Acrylic as you know has a vast array of uses but did you know how acrylic first came to be? Here we will give you an insight into what we know best – ACRYLIC & we will also include some tips and facts that you may not know!
Acrylic or Polymathic Methacrylate – PMMA and is often referred to as it’s trade names such as Perspex, Lucite, Acrylite & Plexiglass amongst many more. Acrylic is a transparent thermoplastic often used in sheet form in many cases as a lightweight alternative to glass. Acrylic can also be used as a casting resin, in inks & coatings too.
Polymethyl Methacrylate or Acrylic as it’s more commonly known has been around since 1928 and to this day it is one of the worlds most popular forms of Plastic.
Acrylic is used in many different forms from Furniture to Signage in Shops and Restaurants, Number Plates, Display units & Cases and even Splash-backs in kitchens and bathrooms – the list is endless with the possibilities in Acrylic.
In the 1930’s 2 companies led the development of the Acrylic industry and although both companies were manufacturing the same compound they had different brand names. American Firm ‘DuPont’ named their Acrylic ‘Lucite’ and began selling to the medical industry. ‘Rohm & Haas’ were producing what they call ‘Plexi-Glass’ and this was used for aeroplanes and car manufacturers due to it’s adaptability and shatter resistant properties.
After World War II Acrylic began to get more and more creative particularly in the jewellery industry – new colours & variations in transparency and thickness helped designers create innovative and really different designs – it was often said that customers were ‘like kids in a candy shop’ with the difference in variety. People started to fill their homes with elegant curved furniture which allowed light to filter through hence giving it a modern feel and a look of it not really being there. Designers who created acrylic furniture in the 1960’s did so in an extremely glamorous way- Karl Springer, Vladimir Kagan, Charles Hollis Jones and Gaetano Sciolari were all leaders in Acrylic design and their pieces very much sort after even in todays age! Newer artists such as sculptor Sir Anthony Caro created his last body of work in Perspex after years of refusing to work with it he finally got his hands on some and fell for it’s beauty and adaptability, homeware designer Alexandra Von Furstenberg creates the most amazing pieces often using ‘lit edge’ giving it a fun vibrant feel and how could we not mention Philippe Starck-his ‘Ghost’ chairs are synonymous with the word acrylic and are increasingly popular the world over.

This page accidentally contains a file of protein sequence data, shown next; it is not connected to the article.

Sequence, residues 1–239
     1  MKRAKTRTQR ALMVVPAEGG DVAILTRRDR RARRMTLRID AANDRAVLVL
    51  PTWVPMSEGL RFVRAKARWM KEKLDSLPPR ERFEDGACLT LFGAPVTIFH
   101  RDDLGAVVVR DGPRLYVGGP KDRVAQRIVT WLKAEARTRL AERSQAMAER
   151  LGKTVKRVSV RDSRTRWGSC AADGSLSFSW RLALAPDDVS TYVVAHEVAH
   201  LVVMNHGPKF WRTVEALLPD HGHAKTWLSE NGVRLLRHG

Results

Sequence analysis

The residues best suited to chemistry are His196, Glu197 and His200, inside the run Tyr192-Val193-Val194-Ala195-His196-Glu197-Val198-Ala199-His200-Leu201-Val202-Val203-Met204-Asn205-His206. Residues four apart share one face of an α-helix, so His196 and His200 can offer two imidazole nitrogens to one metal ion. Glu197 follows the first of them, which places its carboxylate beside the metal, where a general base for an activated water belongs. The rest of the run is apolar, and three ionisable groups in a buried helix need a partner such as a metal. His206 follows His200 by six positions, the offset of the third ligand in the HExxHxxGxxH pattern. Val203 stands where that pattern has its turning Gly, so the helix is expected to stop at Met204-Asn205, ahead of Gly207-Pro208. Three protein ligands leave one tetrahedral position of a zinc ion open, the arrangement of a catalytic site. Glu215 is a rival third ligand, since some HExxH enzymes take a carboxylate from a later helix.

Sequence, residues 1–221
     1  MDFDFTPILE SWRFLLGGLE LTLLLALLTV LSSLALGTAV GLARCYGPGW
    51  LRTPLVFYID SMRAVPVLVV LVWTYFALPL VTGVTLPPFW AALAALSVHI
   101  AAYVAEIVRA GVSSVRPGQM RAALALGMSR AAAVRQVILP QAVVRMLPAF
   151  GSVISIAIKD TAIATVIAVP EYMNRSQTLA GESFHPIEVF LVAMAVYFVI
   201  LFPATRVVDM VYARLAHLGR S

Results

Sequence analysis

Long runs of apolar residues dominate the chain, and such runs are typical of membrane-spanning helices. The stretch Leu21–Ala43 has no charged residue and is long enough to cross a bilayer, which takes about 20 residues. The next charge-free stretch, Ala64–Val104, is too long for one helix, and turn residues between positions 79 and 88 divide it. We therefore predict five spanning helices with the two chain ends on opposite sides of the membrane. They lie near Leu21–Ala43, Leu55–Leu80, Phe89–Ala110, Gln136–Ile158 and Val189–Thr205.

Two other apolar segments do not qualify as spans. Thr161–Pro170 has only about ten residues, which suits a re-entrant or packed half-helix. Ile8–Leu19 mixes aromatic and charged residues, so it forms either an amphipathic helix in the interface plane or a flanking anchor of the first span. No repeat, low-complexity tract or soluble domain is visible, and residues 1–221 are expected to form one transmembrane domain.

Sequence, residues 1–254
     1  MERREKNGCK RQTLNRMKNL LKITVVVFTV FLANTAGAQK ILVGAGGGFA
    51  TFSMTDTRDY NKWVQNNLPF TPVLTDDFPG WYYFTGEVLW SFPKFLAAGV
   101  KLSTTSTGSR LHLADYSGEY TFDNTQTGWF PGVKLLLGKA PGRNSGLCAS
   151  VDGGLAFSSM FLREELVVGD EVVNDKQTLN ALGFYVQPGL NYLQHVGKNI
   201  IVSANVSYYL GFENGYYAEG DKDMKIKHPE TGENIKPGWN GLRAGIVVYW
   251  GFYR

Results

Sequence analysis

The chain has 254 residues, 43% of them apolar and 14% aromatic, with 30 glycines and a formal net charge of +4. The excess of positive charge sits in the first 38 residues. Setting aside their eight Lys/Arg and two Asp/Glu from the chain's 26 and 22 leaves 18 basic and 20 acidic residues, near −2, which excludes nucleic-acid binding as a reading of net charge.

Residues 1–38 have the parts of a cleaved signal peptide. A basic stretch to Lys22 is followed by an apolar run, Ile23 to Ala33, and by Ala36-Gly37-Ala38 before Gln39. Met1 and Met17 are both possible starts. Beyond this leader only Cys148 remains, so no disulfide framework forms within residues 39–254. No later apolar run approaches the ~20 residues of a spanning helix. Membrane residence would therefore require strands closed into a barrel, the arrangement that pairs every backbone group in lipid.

This just goes to show just how versatile Acrylic is. Acrylic can be used in many different applications whether you require a company wide role out of POS displays to furniture producing or perhaps you require off cuts to create a jewellery range-Mardan Products can do it all.
Caring for your Acrylic Products
Mardan Products as a business use tonnes and tonnes of Acrylic each and every year so we’d like to share some tips with you whether you’re a business yourself and you use our bespoke Acrylic POS or if you have Acrylic in your home . To keep it looking it’s very best here are some helpful tips!
- -Using a soft cloth together with a mild detergent or liquid soap and water to gently clean the surface of the acrylic to remove any finger prints, sticky marks or dust.
- -Be careful using a dry cloth especially if it has been used on other products as you don’t want to scratch the surface with other fibres or particles. Often using a dry cloth can create a positive charge causing static.
- -We recommend using a damp chamois leather to wipe down after cleaning as this will prevent the static.
- -If the Acrylic has vinyl applied to the surface you must be very careful not to rub the surface as you do not want to dislodge the vinyl.